On April 27, 2023, the European Commission (EU Commission) published its proposals for regulations on supplementary protection certificates (SPCs), including a unitary SPC for medicinal products and plant protection products (see here). This could be an incentive for the pharmaceutical industry to make use of the European patent with unitary effect (Unitary Patent), as it avoids the current split approach for product protection conferred by a Unitary Patent on one hand and various national SPCs on the other.

Europe provides national SPCs only, resulting in a plurality of rights

SPCs provide a patent term extension of up to five years for national parts of European patents protecting either medicinal products or plant protection products. The extension is provided to compensate the loss of effective patent protection caused by the lengthy testing required under European regulatory law to obtain marketing authorizations for such products.

SPCs are currently available on a national basis only, i.e. an innovator company that wants to extend its term of patent protection can apply for it on a country-by-country basis only. This is burdensome and costly since applications need to be filed e.g. in the various languages of the respective countries. Furthermore, the protection status may differ in the various jurisdictions, as each national authority makes its own decision. Ultimately this leads to a plurality of separate and independent rights.

Similar landscape under the new UPC regimen

There won’t be much change when the Unified Patent Court (UPC) opens for business on June 1, 2023. Although innovators may obtain European patents with unitary effect, they still have to apply for SPCs on a country-by-country basis to extend the protection conferred. As noted, this is not only burdensome and costly, but may also lead to a hotchpotch protection status if the national authorities decide differently. In addition, uniform protection will cease to exist when the protection conferred by the Unitary Patent expires.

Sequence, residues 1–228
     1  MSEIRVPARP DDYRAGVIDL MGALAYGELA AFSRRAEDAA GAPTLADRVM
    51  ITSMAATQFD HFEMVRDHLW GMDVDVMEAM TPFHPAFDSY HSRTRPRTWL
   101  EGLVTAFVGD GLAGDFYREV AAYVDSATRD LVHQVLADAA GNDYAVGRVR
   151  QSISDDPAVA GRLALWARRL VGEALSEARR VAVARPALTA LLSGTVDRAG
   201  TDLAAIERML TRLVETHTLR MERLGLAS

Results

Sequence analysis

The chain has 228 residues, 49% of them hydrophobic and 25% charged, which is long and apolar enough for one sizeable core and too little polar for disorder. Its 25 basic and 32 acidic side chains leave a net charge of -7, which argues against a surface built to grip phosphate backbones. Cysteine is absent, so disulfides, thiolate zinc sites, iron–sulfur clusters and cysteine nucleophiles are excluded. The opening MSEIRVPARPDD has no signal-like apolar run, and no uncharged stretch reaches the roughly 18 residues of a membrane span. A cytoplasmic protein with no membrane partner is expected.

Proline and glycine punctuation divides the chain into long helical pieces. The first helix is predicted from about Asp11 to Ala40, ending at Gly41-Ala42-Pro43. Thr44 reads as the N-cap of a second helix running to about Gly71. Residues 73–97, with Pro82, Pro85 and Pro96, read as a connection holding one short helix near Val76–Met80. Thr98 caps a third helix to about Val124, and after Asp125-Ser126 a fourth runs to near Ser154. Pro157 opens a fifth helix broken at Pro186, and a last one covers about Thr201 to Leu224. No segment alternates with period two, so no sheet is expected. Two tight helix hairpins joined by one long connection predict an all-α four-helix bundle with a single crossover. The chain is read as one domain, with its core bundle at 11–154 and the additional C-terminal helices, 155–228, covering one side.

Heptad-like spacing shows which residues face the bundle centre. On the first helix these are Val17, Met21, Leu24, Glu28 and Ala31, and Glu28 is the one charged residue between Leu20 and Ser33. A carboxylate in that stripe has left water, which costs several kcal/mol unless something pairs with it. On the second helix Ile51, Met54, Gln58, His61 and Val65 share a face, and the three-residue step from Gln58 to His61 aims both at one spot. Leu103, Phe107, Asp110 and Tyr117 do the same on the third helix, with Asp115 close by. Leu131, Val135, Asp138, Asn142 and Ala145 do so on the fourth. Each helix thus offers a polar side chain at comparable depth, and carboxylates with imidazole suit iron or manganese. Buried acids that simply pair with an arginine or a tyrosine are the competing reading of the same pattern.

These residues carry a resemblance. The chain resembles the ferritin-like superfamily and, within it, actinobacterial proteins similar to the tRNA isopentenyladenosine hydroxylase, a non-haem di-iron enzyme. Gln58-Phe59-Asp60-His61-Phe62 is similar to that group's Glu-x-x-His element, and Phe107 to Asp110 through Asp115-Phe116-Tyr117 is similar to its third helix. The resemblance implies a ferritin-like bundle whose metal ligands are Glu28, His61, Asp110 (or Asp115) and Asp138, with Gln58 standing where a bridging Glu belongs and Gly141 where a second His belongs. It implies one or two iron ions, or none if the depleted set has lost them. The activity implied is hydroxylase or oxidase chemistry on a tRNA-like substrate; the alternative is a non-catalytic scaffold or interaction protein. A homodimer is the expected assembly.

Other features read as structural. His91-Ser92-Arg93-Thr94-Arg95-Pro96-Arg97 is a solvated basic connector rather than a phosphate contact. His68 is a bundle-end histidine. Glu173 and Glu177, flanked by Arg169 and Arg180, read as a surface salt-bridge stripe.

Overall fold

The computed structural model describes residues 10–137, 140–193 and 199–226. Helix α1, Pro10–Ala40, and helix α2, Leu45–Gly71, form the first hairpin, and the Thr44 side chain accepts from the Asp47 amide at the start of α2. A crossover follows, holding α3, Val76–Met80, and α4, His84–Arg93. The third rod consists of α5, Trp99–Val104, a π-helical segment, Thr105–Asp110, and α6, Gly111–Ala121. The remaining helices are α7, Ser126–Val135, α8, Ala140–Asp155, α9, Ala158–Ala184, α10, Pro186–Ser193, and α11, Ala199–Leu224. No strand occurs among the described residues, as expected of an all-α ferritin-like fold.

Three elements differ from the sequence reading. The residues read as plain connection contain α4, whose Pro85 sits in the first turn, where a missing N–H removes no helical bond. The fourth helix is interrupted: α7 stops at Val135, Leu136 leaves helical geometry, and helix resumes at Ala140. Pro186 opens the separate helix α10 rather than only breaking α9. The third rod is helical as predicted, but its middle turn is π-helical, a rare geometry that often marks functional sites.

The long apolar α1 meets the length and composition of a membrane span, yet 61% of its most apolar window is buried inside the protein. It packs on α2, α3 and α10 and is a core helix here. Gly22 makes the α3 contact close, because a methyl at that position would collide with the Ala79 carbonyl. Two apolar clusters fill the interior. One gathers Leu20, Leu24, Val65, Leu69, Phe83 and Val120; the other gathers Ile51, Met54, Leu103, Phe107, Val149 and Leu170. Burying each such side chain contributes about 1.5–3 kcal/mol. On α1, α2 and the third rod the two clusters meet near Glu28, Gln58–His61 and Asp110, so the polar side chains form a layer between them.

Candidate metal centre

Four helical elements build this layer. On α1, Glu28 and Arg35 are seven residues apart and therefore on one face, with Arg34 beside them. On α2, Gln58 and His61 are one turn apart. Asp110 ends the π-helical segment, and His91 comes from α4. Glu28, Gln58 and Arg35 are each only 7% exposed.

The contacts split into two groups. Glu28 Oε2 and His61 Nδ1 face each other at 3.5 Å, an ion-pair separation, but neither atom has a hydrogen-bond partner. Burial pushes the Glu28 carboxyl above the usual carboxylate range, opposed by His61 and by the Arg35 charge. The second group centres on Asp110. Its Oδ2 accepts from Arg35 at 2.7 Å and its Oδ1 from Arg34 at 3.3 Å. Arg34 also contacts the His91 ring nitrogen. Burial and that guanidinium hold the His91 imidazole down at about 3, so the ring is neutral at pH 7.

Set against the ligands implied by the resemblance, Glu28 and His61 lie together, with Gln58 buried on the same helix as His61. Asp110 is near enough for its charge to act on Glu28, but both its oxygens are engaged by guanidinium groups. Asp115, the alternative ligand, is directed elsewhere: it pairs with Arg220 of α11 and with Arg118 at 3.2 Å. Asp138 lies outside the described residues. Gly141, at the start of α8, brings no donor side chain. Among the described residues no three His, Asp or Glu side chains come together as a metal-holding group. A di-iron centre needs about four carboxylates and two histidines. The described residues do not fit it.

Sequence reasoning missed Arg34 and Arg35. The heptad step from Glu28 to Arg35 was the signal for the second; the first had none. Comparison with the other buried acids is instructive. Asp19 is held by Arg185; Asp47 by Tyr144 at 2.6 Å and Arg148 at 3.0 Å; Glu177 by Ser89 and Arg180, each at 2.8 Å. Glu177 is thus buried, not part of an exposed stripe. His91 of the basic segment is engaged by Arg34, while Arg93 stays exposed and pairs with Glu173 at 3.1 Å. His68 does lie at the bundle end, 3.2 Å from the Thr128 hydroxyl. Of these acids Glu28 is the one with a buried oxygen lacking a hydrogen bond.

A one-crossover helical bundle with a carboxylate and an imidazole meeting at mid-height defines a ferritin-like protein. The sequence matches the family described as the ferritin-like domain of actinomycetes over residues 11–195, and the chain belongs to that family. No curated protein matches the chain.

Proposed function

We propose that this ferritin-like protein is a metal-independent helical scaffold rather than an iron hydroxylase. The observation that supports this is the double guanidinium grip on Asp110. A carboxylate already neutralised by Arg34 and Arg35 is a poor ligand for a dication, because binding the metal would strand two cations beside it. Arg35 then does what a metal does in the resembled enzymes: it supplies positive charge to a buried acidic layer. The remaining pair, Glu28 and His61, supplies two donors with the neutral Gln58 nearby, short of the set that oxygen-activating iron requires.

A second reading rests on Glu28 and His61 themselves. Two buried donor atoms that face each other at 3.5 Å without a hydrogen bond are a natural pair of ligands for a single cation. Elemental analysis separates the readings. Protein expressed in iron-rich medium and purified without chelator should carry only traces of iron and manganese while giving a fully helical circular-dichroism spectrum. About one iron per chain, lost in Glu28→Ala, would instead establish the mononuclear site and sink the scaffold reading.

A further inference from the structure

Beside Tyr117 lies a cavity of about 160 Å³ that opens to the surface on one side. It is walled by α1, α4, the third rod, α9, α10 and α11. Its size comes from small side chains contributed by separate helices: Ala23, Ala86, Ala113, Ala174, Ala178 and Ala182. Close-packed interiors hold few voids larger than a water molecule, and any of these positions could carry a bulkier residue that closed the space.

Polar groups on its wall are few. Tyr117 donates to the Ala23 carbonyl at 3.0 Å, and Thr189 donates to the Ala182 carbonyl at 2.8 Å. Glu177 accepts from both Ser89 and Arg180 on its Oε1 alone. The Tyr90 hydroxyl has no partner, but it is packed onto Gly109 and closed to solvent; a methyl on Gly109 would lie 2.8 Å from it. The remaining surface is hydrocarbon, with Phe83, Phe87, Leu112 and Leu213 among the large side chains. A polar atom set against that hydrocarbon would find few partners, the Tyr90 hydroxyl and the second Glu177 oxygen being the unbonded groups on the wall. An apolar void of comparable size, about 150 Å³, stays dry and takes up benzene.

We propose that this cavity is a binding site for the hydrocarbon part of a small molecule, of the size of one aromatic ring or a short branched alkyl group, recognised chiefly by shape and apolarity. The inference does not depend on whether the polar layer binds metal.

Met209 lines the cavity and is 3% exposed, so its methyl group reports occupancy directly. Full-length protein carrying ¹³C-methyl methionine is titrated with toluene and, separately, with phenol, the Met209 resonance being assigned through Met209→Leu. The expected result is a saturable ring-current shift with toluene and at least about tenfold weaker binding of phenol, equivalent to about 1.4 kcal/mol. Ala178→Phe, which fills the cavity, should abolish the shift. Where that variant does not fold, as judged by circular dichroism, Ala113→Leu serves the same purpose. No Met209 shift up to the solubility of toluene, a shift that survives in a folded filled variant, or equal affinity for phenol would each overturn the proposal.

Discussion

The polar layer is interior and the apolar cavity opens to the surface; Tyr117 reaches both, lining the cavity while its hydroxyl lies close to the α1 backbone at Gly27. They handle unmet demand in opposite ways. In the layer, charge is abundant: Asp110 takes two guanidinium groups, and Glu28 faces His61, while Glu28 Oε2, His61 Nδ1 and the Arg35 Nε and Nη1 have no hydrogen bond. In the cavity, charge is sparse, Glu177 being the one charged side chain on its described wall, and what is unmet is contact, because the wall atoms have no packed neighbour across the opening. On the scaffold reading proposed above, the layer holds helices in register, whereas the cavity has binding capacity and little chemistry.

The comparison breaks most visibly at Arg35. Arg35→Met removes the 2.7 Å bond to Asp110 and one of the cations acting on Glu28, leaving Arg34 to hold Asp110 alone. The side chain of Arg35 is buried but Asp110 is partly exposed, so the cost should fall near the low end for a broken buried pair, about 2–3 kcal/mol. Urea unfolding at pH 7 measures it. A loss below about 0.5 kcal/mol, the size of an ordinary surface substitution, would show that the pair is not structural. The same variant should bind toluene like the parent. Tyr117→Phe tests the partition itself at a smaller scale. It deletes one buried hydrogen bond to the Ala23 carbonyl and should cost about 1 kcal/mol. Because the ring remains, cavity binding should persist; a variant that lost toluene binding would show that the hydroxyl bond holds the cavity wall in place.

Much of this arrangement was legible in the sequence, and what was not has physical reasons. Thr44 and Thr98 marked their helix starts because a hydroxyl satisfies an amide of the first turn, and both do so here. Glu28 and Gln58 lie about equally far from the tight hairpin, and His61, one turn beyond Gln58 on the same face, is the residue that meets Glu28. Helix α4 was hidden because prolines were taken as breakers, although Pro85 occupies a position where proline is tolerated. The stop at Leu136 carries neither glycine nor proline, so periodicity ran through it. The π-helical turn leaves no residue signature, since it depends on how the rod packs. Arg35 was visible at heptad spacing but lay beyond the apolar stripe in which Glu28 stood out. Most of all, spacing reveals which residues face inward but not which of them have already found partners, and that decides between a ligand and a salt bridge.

Legislation proposal by the EU Commission

Accordingly, the EU Commission has detected a clear need to

  • establish a Unitary SPC to complement the Unitary Patent,
  • simplify the SPC system in Europe by significantly decreasing the administrative tasks and costs,
  • increase the legal certainty and transparency, so that also small and medium-sized undertakings can clearly identify the protection status in Europe.

To achieve this the EU Commission proposes amendments of the already existing two regulations for SPCs related to (i) medicinal products for human and veterinary use (Regulation (EC) No 469/2009) and (ii) plant protection products (Regulation (EC) No 1610/96). The amendments include a new centralized procedure for the granting of national SPCs.

In addition, the EU Commission wants to establish two new EU regulations to provide also a Unitary SPC for both (i) medicinal products and (ii) plant protection products to complement the Unitary Patent, including also a centralized examination procedure.

But there is more. Also, a “Combined Application” is envisaged, where an applicant may request the grant of (i) a Unitary SPC if the product is protected by a Unitary Patent and (ii) of nationals SPCs for states not participating in the UPC.

Apart from that the currently known SPC regimen will remain unaffected, meaning that national SPCs are still available based on grants by national authorities.